They’re made from complicated yet simple stuff:
No Artificial dyes, nut free, no GMOs, no corn syrup, wheat and gluten free, casein free, soy free and dairy free. (So, yes, vegan.) They currently come in four flavors. The cutest part of their packaging is the two ounce tin, which retails for about five bucks, which is steep. They also have a little “purse” mixed bag which can help you find your favorite because the five pound bulk bags they also sell online are the best value as long as you know you really, really like them.
I was really excited to find a Pink Grapefruit and Tupelo Honey hard candy. The flavor is tart but with a bitter note from the grapefruit oils. I didn’t catch the honey, but did notice that it wasn’t overtly sweet like some citrus candies can be to compensate for the sourness. The oily zest notes lasted for quite a while, not in a bad way, more as a kind of background freshness for about 15 minutes.
The pieces are quite small, about half the weight of a regular Starlight Mint. But they’re exquisite, imprinted with a little raspberry design and the company’s logo.
Pear & Cinnamon is an interesting combination, much like apple pie. The pear flavor is mild, as actual pears are, it’s almost a baked banana flavor with a light tang to it. The cinnamon is like the spice and not the hotness of a Hot Tamale candy or anything like that. It’s pleasant and unassuming, though a little evocative of a holiday candle.
Pomegranate & Nectarine is not a flavor combination I would have expected. It’s strong and deep. The nectarine notes are like a peachy flavor, a little fuzzy and tropical with that woodsy note that stonefruits can have. Then there’s the pomegranate, which is like a raspberry mixed with cranberry, a little tannic and floral.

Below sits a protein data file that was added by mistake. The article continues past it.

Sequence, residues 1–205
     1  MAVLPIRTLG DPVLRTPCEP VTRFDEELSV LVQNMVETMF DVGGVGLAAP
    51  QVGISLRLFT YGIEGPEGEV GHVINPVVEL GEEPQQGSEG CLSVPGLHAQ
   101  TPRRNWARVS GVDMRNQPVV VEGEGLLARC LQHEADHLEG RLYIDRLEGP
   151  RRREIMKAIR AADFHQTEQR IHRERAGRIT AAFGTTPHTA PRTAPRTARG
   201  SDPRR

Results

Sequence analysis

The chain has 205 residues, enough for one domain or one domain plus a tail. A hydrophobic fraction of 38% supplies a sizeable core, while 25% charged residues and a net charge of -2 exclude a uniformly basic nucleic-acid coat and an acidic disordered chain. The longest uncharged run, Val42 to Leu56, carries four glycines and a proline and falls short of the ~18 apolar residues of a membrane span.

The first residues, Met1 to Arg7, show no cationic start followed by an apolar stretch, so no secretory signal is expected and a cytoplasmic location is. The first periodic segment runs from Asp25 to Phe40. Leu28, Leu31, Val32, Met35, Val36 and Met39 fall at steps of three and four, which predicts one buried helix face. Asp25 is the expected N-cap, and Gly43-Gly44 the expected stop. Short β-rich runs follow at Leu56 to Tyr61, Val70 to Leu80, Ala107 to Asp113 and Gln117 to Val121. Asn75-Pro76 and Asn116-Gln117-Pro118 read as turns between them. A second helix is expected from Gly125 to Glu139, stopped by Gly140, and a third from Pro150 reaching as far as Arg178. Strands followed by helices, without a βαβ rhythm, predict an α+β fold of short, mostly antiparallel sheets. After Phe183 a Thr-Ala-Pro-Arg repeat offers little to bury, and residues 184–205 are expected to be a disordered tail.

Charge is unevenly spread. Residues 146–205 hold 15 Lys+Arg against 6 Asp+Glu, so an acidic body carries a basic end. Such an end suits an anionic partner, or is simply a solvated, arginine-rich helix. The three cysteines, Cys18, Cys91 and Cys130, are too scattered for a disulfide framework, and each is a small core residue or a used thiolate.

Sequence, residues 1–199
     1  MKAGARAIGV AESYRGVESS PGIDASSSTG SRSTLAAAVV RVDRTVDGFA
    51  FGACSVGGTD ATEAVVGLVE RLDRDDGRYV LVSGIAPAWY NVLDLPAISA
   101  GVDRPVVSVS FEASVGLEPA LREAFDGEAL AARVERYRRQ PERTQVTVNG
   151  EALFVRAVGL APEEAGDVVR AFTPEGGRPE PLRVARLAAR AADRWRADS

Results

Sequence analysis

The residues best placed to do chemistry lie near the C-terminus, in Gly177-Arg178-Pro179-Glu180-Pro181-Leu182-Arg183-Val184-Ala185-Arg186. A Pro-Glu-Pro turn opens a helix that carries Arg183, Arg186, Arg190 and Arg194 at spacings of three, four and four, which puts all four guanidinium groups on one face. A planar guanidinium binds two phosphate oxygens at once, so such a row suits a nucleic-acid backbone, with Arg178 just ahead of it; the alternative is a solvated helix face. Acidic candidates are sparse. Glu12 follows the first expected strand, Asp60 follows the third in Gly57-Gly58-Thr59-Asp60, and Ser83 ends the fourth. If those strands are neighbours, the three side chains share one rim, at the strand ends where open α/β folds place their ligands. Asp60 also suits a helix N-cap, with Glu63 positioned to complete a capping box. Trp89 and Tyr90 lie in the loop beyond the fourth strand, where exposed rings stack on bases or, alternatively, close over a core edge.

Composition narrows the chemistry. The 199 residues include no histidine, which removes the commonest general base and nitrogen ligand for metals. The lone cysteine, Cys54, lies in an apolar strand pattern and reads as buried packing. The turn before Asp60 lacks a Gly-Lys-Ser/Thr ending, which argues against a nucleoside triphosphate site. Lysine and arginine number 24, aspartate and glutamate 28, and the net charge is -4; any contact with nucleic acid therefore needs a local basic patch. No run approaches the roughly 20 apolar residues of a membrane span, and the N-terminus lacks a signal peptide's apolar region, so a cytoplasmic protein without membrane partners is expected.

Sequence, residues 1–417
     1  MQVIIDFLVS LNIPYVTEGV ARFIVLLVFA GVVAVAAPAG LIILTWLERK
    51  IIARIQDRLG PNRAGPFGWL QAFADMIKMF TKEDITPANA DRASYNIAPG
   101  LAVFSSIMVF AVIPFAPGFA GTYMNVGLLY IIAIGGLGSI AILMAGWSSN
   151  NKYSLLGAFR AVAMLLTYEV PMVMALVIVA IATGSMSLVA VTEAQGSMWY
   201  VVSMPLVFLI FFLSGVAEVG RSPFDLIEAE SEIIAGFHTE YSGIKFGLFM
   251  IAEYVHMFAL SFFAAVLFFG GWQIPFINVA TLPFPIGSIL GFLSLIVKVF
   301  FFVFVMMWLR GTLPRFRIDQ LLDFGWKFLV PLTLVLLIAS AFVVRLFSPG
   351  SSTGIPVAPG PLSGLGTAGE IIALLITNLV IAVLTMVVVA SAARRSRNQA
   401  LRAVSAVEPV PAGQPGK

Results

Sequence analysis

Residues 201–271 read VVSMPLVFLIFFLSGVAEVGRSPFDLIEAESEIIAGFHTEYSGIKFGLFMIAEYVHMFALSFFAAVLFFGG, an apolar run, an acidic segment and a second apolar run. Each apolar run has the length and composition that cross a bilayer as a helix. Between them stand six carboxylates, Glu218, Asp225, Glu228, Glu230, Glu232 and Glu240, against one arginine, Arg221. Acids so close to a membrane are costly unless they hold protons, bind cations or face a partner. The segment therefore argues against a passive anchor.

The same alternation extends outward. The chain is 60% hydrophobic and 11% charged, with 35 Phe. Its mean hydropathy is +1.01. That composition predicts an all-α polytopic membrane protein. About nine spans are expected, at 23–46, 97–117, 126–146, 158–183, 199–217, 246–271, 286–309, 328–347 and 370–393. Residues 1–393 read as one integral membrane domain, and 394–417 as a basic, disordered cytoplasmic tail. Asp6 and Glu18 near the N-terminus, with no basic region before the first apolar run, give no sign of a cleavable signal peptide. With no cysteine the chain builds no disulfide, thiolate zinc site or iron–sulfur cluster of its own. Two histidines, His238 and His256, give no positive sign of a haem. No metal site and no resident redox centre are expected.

Blood Orange & Honey was more like a strong tangerine flavor with a lot of zest to it. The honey came out a bit later, as the citrusy parts faded away, there was a malty, honey sweetness that had a bit more staying power than a simple sugar.
Overall, they’re quite tasty with grown up flavors. They don’t do much to soothe my throat, but did give me a flavor boost I was craving after consuming most of my calories for a week in liquid form.
They are really expensive, which is odd for a hard candy. The labor is the same for organic and conventional candies, it’s just the ingredients that differ. In this case the candy, even in the bulk bags, is $11 a pound with a five pound minimum. (The tins come out to $40 a pound.) For that price I’d like to know that it was made right here in America, but these are made in Mexico (which is not that uncommon with organic hard candies these days).
Wednesday, September 12, 2012
Fruit Stripe Gum was launched back in the early 1960s as an extension of Beechnuts broad line of gums and fruity candies. The packages were a mix of five flavors, each with striped colors on the gum sticks. The flavors were cherry, orange, lime, mixed fruit and lemon (picture of early ad).